Yes, most of the program should be fun, but we shouldn't encourage the ability to shy away from the necessary parts that enable us to earn the fun parts.  Doing so is only going to lead to, wait for it... weakness.

And in the process of, and as a result of, completing something challenging and difficult, the cadet may even find that they enjoyed it. 

 

 5 
 on: Today at 04:51:57 PM 
Started by Jester - Last post by Jester
True, there's nothing to back it up, because for some reason CAP has equated a set of pushups to a physical assault.  In my view, PT as punishment isn't a big deal when done correctly (and using common-sense guidelines coupled with the training/supervision that apparently isn't happening if you think they can't be taught to use a raised voice correctly).  However, I don't see that changing as CAP policy any time soon, and probably never.  Congratulations, you slipped the standard too far down and now you've cut the legs out from under cadet staff members who have a week or less to establish control and move a group of people through a challenging curriculum (or what should be a challenging curriculum). 

Glad nobody gets the sadsies when their muscles are made to burn for making a dumb choice.   There's no consequences, only happy times no matter what you do (until they push the limit too far and get sent home early.  Sure would be good if you had a plethora of progressive tools available to correct behavior before you got to the nuclear option, but lay in the bed you demanded be made).

And all the hypothetical situations you've outlined have really just proved that some situations aren't appropriate for yelling, not that yelling is never appropriate.  And so they got yelled at for something that wasn't in their span of control?  So what?  They could just suck it up and perform, instead of going "BUT SIRRRRR, MY SOCIO-ECONOMIC STATUS AND A HOST OF OTHER FACTORS MEANS I NEED A PAAAAASSSSS".  Stop giving them excuses to use, they need to learn how to shrug it off and keep moving forward.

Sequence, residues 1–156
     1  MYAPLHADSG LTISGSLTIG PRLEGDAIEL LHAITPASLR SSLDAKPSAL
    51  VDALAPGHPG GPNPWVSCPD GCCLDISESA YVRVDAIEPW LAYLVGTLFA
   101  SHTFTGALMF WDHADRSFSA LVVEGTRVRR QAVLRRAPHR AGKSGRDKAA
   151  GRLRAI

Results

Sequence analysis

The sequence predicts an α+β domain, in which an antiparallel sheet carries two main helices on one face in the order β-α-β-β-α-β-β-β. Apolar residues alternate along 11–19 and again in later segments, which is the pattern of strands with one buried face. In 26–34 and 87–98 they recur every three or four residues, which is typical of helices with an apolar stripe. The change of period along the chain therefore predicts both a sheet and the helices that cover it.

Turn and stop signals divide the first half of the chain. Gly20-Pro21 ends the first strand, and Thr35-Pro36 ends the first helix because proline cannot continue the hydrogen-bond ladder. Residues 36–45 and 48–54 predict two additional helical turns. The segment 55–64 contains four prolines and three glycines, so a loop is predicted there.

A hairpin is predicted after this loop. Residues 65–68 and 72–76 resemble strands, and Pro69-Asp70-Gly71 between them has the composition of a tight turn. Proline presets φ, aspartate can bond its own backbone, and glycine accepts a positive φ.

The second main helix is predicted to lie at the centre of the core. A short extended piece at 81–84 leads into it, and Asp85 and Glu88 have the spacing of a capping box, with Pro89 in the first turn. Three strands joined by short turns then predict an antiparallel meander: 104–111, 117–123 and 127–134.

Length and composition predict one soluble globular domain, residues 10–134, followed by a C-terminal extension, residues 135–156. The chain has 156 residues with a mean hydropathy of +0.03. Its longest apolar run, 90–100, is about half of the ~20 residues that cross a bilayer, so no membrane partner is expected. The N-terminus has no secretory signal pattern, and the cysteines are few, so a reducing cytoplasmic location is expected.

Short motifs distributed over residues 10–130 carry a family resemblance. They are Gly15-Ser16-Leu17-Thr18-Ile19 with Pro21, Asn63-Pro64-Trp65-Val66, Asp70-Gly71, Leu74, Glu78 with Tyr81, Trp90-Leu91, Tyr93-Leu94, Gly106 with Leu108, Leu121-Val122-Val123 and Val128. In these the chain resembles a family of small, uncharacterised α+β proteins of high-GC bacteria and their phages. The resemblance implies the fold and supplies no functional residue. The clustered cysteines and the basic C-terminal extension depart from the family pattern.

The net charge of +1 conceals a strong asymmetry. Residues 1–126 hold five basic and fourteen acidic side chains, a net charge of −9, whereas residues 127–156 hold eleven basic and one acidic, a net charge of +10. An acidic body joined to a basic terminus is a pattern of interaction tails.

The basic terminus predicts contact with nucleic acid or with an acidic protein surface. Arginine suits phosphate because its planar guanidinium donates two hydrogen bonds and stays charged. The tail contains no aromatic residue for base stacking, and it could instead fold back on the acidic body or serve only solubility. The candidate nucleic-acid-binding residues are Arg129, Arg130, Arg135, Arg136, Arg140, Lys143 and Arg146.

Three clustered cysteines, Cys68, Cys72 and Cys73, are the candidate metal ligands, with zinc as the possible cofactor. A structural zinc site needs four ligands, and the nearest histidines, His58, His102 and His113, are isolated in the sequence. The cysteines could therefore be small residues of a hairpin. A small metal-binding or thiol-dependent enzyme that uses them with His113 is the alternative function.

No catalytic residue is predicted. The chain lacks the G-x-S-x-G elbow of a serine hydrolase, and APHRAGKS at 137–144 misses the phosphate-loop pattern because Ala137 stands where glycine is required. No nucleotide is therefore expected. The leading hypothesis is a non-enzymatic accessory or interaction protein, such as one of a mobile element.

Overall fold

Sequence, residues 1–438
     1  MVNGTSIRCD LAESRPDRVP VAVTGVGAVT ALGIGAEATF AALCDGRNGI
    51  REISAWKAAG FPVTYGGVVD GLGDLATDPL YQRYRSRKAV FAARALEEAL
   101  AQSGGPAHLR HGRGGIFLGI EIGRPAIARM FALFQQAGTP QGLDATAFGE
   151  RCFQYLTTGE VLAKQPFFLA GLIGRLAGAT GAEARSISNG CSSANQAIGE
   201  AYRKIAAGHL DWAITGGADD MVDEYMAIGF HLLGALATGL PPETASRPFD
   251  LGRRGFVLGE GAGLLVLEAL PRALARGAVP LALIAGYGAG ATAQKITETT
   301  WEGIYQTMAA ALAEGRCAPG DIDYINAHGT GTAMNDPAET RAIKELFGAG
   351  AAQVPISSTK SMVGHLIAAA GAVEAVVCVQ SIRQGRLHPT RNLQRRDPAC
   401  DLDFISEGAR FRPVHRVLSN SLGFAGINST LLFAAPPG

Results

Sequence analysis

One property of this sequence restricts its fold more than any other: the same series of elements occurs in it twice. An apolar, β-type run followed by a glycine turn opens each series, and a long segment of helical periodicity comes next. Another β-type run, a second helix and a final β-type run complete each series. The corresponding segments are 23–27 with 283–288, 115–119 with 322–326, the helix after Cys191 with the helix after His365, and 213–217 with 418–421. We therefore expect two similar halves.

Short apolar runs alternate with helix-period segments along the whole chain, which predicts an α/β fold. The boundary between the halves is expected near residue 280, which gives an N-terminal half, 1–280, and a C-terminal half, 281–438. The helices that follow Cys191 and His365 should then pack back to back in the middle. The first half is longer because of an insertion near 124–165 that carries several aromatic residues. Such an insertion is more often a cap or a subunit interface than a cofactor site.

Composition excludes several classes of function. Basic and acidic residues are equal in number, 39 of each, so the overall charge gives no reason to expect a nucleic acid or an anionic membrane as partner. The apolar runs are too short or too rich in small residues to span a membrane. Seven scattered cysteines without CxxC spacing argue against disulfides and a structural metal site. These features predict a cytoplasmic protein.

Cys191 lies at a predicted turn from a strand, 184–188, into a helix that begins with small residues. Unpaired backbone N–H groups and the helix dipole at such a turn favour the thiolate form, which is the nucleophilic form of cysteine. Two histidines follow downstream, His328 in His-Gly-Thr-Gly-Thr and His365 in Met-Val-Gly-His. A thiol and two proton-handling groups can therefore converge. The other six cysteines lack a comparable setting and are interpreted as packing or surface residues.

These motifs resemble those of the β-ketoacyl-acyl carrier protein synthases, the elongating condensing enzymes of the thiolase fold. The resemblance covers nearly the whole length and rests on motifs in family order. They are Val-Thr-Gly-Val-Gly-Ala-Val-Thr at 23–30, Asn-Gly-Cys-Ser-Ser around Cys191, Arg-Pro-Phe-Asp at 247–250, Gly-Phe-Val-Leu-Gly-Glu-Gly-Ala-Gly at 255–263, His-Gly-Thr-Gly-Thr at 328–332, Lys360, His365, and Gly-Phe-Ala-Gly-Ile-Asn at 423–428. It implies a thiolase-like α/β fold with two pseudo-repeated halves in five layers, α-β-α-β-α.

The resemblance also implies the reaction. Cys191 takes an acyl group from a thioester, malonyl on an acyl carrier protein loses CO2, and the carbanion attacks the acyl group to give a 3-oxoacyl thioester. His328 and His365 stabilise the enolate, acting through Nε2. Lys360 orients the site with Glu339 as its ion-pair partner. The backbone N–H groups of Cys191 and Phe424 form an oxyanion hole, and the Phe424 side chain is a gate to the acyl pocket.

6 
 on: Today at 04:33:02 PM 
Started by Peculate - Last post by Eclipse
You can go to as many as you can get to / are accepted to.  It's not unusual for some cadets to be gone all summer
and go from one activity to the next.

As an example, you could easily hit Johnson Flight Academy, HMRS, and then still make Blue Beret or NESA, with more then a month left of the summer after,
and those are just examples of the flashier ones.  There's plenty of others that don't overlap.

 7 
 on: Today at 04:18:55 PM 
Started by Peculate - Last post by Peculate
Is there a limit on how many NCSA's a person could do per summer? Say Event 1 happened one month, while Event 2 happened the other month. Could a cadet do both?

 8 
 on: Today at 01:20:52 PM 
Started by Jester - Last post by Eclipse
"Yelling", per se, literally holds zero weight when the person on the receiving end knows full well that there is
no corporal or further punishment or ramifications beyond the yelling.  Yelling in CAP is the equivalent of
a military-themed amusement park - it's all fun an games to "play Army", but there's no real risk and
everyone knows they can just head for the exit if things get too "real".

Those of us of a certain age with strict parents grew up in a world where corporal punishment was not only common, it was expected, and could be
metered out by not just parents, but others in "loco parentis", so the yelling had an apocalyptic period at the end of the sentence
if you didn't knock it off, and there was no "wait until my lawyer hears of this!" from a 12 year old, as is the case today.

If Sister smacked you with a ruler, or the shop teacher offered you "3 hits or 3 hours" (detention), you took it (probably with the
grounded knowledge that you messed up), and hoped to your deity that "Dad didn't find out", because if he did, it wasn't going to be
"I will give that nun a good talking to..." it was going to probably be a couple more of the same.